I feel like repeating that last three sentences. Read it again.
The most terrifying part of Calvinism’ soteriology (and it’s best kept secret) is that there is no way to know if you are one of the elect. None. Read on.
While documenting the rise of the so-called new Calvinism, Collin Hanson interviews many young Piper cubs who admit that the most difficult part to accept while journeying towards Calvinism was the idea that God elects to salvation some and passes over others. This is Exhibit D that many people who convert to Calvinism have not thought through it’s doctrine of the perseverance of the saints. Because surely I would think the most difficult part to accept while journeying to Calvinism wouldn’t be that God passes over others, but that God may have passed over you! And there’s no way to know.
Let me say this another way – and yes, I am hammering home this point until you get it! – Calvinism offers about as much security to the believer as full blown Pelagianism!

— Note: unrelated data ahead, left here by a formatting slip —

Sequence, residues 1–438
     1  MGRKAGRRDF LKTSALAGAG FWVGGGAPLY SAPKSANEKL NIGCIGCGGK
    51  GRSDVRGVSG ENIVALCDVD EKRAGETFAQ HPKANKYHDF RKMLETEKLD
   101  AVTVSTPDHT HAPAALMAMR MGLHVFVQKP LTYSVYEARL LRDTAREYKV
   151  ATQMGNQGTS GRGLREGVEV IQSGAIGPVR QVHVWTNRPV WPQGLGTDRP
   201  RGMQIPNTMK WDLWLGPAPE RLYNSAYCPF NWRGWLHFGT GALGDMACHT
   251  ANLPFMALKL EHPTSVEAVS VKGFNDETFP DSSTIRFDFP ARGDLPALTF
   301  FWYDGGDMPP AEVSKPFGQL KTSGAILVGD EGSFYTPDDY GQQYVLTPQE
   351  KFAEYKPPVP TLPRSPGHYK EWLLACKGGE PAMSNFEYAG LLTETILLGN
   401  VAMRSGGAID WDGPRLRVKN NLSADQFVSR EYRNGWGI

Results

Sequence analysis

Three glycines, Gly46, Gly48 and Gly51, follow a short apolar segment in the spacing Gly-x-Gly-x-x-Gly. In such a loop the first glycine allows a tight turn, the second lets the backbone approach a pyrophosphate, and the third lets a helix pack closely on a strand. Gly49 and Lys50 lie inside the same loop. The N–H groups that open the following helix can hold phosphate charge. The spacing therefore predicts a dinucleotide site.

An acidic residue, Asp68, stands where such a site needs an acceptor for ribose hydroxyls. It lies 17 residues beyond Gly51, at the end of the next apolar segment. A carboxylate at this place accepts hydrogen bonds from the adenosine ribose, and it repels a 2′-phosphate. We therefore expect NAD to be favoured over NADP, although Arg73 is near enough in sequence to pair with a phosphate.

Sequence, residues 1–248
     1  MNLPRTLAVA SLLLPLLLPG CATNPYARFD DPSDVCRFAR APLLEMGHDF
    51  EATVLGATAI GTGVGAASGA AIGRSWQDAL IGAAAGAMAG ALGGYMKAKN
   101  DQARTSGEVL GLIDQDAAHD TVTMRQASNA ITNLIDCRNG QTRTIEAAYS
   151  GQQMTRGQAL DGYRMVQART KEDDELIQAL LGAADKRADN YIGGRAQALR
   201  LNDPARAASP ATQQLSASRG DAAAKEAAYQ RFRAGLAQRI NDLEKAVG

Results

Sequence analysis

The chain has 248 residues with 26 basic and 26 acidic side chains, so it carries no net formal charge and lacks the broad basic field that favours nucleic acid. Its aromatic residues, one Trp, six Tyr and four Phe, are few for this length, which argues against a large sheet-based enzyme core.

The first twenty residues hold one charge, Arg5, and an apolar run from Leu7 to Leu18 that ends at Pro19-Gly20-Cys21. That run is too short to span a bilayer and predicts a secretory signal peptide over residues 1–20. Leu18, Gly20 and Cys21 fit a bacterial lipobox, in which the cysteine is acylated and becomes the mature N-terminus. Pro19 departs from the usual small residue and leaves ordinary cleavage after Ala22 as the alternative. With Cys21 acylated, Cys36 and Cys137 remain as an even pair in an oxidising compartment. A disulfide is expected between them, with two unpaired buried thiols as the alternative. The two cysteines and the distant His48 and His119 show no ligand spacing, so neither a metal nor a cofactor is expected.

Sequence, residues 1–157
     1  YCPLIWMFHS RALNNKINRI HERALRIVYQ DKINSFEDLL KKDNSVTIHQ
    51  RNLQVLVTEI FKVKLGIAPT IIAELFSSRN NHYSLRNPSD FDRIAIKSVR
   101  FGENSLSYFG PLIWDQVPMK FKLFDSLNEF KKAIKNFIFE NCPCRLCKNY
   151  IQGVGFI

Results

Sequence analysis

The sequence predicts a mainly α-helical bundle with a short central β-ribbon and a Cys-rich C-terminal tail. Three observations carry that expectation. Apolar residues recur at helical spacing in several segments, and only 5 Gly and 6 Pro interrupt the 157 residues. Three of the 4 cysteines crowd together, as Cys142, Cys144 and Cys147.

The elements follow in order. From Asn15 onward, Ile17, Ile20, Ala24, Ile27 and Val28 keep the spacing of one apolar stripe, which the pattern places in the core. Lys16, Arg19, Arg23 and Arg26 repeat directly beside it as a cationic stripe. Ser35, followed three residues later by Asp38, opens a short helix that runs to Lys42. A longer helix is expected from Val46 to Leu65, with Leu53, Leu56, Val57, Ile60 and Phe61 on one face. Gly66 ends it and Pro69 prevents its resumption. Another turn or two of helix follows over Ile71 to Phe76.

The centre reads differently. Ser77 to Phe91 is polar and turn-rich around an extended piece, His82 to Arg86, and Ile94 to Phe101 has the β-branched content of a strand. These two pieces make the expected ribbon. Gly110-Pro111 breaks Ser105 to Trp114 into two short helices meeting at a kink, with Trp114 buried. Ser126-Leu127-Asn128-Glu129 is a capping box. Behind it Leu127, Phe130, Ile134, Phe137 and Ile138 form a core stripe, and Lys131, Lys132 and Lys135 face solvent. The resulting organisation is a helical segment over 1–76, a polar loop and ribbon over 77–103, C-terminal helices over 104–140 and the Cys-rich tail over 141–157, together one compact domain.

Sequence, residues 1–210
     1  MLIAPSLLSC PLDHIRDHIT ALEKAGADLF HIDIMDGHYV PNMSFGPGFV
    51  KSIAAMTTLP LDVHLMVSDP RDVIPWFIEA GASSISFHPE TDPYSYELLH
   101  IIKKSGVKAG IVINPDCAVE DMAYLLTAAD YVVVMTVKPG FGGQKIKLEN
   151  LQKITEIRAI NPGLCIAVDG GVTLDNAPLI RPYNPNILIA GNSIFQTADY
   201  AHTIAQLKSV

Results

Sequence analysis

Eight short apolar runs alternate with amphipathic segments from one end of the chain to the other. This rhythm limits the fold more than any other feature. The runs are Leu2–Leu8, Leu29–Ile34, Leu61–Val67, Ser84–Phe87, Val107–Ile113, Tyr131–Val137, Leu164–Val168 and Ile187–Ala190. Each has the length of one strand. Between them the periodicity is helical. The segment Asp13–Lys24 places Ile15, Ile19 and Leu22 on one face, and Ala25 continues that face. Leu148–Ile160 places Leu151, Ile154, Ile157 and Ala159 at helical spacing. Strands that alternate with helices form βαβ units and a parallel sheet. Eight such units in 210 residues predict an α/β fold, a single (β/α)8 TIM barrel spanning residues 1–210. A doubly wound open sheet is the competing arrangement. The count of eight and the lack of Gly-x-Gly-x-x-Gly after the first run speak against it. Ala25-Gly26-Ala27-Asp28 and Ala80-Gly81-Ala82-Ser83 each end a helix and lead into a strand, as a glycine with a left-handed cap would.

Let me explain how by making three points about Calvinism:
1. Calvinism fits squarely within the holiness tradition (as does Pelagianism and Semi-Pelagianism). That some people run around claiming to teach that someone can make a sincere confession of faith and then live their life nilly-willy any way they wish and still get to heaven is patently not Calvinism. Whatever it is – and yes, I have people like Charles Stanley in mind – it is not Calvinism.
In the book Why I Am Not An Arminian the co-authors – both Calvinists – Robert Peterson and Michael Williams write:
“Easy believism, the view that persons are to be regarded as Christians who have made professions of faith but whose lives are unchanged, is incompatible with biblical teaching. On this point Arminians and Calvinists agree.” (p.81, emphasis mine)